Home to the critically endangered Hawksbill Turtle, the Dugong (Sea Cow) and numerous other rare and endangered species, Banwa’s marine environment is thriving.
Located in the heart of a Marine Protected Area encompassing 1,896 hectares, Banwa has seen a huge rise in populations of once threatened species. Black Tip Reef Sharks are an especially welcome returning inhabitant of the island’s shallows, and the annual numbers of successful nest sites shows an extremely positive upward trend for the Hawksbill Turtle.
Fundamental to our purpose, and something every guest’s visit contributes to, is our mission to support, nurture and protect the island’s delicate ecosystems – a mission that led to us to setting up the Aquos Foundation.
Our original inspiration was to help protect the critically endangered Hawksbill Turtle, as Banwa is one of its favoured nesting habitats in the region.
Aligned to this, our Reef Balls programme is helping to stimulate reef regeneration off the south-westerly shores of Banwa. To date, our investment has funded the deployment of over 200 structures, which are already promoting significant growth of coral in the area.
As part of the Foundation’s further conservation initiatives, we are also pursuing important and nationally-recognised research programmes, guided by world-leading experts. Projects include studies into the native Tabon Bird and Mantanani Scops Owl, as well as the preservation of the indigenous beach forests where they nest.
Banwa’s lush, tropical island landscape provides exceptional habitat for numerous species of birds – some of them extremely rare and seldom-seen.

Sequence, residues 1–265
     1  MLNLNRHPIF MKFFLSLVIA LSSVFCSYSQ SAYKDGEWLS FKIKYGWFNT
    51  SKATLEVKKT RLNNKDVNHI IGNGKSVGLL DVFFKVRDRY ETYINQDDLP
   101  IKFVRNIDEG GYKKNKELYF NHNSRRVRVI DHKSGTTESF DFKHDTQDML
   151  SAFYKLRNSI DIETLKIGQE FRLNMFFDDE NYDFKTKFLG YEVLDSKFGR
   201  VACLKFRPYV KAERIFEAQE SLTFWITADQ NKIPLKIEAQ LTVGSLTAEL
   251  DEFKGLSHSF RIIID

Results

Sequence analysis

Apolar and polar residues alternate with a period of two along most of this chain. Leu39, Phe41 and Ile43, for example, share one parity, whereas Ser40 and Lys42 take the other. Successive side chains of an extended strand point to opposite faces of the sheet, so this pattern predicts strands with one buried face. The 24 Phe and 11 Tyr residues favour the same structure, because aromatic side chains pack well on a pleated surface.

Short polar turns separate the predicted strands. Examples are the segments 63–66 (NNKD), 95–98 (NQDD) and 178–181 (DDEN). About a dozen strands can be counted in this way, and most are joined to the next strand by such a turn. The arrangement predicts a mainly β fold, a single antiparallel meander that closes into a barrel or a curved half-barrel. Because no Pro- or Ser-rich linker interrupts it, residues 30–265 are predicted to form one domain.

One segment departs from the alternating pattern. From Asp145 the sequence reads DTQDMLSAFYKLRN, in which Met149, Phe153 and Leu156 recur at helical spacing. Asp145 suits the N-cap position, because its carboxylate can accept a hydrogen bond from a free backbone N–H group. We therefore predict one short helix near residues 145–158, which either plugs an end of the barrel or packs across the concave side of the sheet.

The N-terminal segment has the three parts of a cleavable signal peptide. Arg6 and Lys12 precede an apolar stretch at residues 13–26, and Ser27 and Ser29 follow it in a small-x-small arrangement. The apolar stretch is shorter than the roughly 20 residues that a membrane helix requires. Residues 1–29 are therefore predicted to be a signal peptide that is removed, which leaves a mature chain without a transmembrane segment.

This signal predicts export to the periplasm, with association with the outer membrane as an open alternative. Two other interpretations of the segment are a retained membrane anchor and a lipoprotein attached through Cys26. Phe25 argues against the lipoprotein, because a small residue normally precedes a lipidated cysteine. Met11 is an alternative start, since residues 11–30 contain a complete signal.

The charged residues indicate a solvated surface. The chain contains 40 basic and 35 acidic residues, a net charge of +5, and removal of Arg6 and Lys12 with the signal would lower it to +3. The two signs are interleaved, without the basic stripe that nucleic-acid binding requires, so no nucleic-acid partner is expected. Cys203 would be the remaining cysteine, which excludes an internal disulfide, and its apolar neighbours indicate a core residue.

A gentle stroll around the island will be punctuated by the distinctive calls of the resident White Collared Kingfishers, whilst the grace of the Reef Egrets in flight never fails to stop you in your tracks. And as night falls, don’t be surprised if you spy an inquisitive Mantanani Scops Owl observing you from a nearby Tamarind tree.
The fascinating burrowing of the native Megapode has been rarely filmed or documented, but thanks to the Tabon Bird sanctuary at the Eastern reaches of the island our research programme is now helping to provide invaluable insight into their nesting habits to ensure we will soon understand more about this unique and threatened species.
Banwa is located in Northeast Palawan, a still relatively undiscovered archipelago, but one of the most biodiverse in existence. Hundreds of avian and mammal residents and thousands more plant groups are native, and the waters here form a key part of the Coral Triangle, which is home to six of the world’s seven sea turtlespecies and more than 2,000 different reef fish species.
Yet more of the island’s thriving flora and fauna originates from beyond the Philippines, the result of an ice age around 10,000 years ago. With Southeast Asia’s oceans locked in glaciers, the Sunda shelf was exposed, including a small shallow land bridge that brought many rich and varied species from Borneo and western Indonesia to Palawan – the result of which can be seen all around you as you meander along Banwa’s winding pathways and pristine beaches.